1887
Volume 15, Issue 4
  • E-ISSN: 1365-2117

Abstract

Abstract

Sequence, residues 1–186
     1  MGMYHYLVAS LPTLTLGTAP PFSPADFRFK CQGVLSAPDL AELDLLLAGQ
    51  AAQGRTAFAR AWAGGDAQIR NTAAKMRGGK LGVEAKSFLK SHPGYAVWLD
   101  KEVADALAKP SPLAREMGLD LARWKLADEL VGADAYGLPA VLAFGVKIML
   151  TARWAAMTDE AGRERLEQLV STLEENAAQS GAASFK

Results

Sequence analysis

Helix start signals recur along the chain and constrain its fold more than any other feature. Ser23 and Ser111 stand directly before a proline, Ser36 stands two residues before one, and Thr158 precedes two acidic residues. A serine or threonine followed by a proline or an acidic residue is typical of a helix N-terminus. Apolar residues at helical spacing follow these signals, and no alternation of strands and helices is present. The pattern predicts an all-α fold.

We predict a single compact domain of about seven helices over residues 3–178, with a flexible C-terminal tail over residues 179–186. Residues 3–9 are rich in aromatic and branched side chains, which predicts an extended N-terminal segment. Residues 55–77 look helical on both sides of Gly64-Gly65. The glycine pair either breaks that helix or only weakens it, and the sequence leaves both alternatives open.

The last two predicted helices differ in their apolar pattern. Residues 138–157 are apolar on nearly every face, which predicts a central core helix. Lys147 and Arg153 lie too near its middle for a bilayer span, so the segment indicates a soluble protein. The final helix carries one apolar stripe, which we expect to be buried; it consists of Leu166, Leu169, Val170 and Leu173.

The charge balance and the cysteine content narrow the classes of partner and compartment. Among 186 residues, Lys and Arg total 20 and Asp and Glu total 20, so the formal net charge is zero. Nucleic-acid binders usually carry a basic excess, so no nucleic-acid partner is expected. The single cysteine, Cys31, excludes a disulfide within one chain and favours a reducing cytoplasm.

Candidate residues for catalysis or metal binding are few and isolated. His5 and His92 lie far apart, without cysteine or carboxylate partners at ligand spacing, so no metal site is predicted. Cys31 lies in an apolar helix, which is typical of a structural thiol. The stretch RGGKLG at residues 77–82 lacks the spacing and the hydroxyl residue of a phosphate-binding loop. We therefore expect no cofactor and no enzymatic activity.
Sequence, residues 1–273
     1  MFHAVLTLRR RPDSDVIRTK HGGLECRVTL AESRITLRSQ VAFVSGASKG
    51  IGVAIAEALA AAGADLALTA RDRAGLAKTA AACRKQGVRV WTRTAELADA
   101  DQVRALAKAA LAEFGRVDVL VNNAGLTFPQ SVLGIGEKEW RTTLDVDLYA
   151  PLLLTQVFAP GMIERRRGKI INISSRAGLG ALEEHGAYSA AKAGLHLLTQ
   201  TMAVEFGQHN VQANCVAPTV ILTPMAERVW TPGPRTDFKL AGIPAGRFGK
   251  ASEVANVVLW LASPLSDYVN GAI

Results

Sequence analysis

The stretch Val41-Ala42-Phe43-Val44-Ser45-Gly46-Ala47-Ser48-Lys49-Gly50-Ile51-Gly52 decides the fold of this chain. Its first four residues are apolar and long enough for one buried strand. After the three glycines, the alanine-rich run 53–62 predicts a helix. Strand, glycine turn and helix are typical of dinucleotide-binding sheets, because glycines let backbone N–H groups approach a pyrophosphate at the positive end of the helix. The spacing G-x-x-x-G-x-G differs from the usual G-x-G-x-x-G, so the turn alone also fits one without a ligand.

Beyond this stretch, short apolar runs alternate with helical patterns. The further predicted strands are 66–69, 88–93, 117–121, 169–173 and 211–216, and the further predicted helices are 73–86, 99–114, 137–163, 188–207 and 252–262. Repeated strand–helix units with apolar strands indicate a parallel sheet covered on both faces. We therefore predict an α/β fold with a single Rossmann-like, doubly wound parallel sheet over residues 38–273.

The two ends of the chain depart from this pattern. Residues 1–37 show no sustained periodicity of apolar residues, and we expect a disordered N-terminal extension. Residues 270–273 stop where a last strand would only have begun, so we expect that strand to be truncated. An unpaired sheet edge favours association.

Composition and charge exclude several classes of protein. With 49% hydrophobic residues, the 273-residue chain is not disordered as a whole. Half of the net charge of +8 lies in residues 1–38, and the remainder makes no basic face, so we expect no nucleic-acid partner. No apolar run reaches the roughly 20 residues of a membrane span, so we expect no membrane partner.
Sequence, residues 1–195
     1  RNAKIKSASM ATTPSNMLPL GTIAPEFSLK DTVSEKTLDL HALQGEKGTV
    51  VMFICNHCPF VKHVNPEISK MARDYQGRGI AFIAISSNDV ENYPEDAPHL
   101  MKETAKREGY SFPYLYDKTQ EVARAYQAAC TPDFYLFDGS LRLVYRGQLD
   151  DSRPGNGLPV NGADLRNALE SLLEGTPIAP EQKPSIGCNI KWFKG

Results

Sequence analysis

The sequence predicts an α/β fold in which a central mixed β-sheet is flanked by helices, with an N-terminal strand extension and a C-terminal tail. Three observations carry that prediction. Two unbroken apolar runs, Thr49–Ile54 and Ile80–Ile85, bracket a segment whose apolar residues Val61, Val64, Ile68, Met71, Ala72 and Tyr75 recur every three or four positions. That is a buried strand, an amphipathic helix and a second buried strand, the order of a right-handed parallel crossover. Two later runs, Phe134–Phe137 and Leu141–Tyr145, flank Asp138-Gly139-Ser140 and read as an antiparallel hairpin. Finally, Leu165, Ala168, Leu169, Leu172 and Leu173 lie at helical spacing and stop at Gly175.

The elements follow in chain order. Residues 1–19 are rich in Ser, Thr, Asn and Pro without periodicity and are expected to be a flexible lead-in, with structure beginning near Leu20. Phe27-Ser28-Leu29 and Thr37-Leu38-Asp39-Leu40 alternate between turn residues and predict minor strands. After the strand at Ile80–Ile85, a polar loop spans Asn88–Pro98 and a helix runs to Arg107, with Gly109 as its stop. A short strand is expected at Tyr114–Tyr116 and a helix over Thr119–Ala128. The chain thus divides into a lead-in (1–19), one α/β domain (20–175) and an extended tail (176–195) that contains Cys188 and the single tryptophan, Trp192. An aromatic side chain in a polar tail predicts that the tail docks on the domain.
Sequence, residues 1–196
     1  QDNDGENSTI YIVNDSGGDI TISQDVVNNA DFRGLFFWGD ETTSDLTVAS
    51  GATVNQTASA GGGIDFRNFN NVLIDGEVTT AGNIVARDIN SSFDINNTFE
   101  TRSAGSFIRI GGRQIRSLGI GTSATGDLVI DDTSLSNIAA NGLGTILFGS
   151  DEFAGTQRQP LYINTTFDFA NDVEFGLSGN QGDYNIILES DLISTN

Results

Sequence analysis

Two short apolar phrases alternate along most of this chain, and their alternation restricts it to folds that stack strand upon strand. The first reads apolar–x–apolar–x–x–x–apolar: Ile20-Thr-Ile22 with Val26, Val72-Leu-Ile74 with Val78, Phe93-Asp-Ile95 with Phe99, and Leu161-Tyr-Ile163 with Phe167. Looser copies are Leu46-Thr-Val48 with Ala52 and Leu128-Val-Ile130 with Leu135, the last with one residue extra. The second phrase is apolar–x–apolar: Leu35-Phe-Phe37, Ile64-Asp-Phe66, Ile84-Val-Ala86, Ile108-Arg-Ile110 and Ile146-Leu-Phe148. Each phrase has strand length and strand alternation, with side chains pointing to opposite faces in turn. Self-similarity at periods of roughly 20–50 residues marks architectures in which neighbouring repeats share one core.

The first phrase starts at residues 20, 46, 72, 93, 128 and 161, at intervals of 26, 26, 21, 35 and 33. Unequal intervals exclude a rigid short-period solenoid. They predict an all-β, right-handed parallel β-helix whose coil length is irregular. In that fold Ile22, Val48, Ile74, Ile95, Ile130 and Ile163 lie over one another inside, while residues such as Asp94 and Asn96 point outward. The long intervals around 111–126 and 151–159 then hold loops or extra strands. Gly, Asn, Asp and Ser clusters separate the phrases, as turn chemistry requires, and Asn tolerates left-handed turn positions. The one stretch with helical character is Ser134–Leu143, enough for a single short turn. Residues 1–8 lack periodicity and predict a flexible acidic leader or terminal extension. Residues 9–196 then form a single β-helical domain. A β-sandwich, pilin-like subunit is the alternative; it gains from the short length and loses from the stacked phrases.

This paper investigates the tectono‐stratigraphic development of a major, segmented rift border fault (Thal Fault) during 6 Myr of initial rifting in the Suez Rift, Egypt. The Thal Fault is interpreted to have evolved by the progressive linkage of at least four fault segments. We focus on two contrasting structural settings in its hangingwall: Gushea, towards the northern tip of the fault, and Musaba Salaama, 20 km along‐strike to the south, towards the centre of the fault. The early syn‐rift stratigraphic succession passes upwards from continental facies, through a condensed marginal marine shell‐rich facies, into fully marine shoreface sandstone and offshore mudstone. Regionally correlatable stratal surfaces within this succession define time‐equivalent stratal units that exhibit considerable along‐strike variability in thickness and facies architecture. During the initial 6 Myr of rifting, the thickest stratigraphy developed towards the centre of the array of fault segments that subsequently hard linked to form the Thal Fault. Thus, a displacement gradient existed between fault segments at the centre and tip of the fault array, suggesting that the fault segments interacted, and a fixed length was established for the fault array, at an early stage in rifting. Towards the centre of the Thal Fault the early syn‐rift succession shows pronounced thickening away from the fault and towards a series of intra‐block antithetic faults that were active for up to 6 Myr. This indicates that a large proportion of fault‐controlled subsidence during the initial 6 Myr of rifting occurred in the hangingwalls of antithetic intra‐block faults, and not the present‐day Thal Fault. The antithetic faults progressively switched off during rifting such that after 6 Myr of rifting, fault‐activity had localised on the Thal Fault enabling it to accrue to the present‐day high level of displacement. Aspects of the development of the Thal Fault appear to be in contrast to many models of fault evolution that predict large‐displacement rift‐climax faults to have always had the greatest displacement during fault population evolution. This study has implications for tectono‐stratigraphic development during early rift basin evolution. In particular, we stress that caution must be taken when relating final rift‐climax fault structure to the early tectono‐stratigraphy, as these may differ considerably.

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